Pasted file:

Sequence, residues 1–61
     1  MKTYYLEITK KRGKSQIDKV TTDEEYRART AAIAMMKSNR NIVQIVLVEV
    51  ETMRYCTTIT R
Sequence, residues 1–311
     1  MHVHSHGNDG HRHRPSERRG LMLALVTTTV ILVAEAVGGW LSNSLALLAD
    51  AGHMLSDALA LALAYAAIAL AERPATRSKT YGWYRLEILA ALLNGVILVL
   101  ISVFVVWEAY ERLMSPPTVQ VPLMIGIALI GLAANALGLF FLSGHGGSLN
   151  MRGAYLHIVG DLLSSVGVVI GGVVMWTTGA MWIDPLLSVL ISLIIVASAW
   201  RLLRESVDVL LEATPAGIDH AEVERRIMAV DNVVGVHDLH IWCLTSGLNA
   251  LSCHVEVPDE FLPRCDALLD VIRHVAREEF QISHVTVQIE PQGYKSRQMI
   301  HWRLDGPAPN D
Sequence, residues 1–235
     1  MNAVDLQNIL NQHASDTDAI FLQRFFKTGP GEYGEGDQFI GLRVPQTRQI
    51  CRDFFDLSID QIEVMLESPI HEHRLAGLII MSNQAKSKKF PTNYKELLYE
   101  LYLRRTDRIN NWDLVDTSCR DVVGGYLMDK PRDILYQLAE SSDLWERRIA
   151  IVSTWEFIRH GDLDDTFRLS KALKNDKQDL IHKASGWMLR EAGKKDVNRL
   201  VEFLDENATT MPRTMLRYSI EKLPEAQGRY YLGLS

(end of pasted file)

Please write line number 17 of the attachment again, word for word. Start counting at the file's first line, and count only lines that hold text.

   201  VEFLDENATT MPRTMLRYSI EKLPEAQGRY YLGLS